This is a psychological crime thriller film based in the United States. It was directed and produced by Alfred Hitchcock. The story line is based on a novel written by Patricia High-smith with the same title name. The story is based on two strangers who happened to meet while traveling using a train. One of the strangers is a psychopath who happens to be very charming while the other stranger is a tennis player in his early ages. It occurs that both of them have been willing to get rid of some individuals in their life. The psychopath suggests that they should help each other by murdering their elements. The psychopath goes ahead and kills the tennis player victim but in return, the young man fails to do the same.

The film is a representation of how some people end up be drawn into other people’s affairs yet they never intended to take part in the first place. This was common in America, especially in the 20th century. The film is also a representation of how most people feel dissatisfied with people they are closely related to yet they choose not to talk about the issue. As a result, they plan evil things against their loved ones as they believe that it is the most appropriate measure. It also a representation of how some people in life will influence others to commit crimes on close individuals yet they never intended to. The theme that can be used to characterize this act is referred to as double crossing whereby individuals are pushed to come into an agreement but eventually one of them fails to honor it.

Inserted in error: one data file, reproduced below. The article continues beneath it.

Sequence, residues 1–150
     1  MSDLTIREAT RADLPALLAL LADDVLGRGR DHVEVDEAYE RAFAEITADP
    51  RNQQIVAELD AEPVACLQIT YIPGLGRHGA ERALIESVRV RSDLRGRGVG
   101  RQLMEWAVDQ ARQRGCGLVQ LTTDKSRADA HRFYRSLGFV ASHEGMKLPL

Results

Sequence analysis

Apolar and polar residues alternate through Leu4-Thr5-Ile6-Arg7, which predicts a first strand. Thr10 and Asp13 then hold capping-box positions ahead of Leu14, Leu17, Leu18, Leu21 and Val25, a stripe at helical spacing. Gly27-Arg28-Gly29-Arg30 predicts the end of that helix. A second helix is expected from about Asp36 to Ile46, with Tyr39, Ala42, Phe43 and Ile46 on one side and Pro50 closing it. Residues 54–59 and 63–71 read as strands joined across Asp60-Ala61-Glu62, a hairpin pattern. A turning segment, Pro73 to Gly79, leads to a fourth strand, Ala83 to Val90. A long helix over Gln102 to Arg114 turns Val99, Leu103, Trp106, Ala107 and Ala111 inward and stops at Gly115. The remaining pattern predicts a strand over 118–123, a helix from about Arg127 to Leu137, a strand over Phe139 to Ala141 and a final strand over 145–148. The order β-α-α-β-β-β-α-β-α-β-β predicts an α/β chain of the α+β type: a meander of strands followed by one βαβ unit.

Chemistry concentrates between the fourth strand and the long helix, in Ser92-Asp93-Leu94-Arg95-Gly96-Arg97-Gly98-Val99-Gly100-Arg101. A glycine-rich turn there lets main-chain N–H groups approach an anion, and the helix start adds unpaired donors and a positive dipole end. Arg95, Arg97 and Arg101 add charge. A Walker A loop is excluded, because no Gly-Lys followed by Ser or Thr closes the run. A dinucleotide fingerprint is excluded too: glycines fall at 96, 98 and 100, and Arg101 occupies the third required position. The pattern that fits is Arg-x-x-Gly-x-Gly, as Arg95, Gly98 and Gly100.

Strangers on a Train (1951). Retrieved from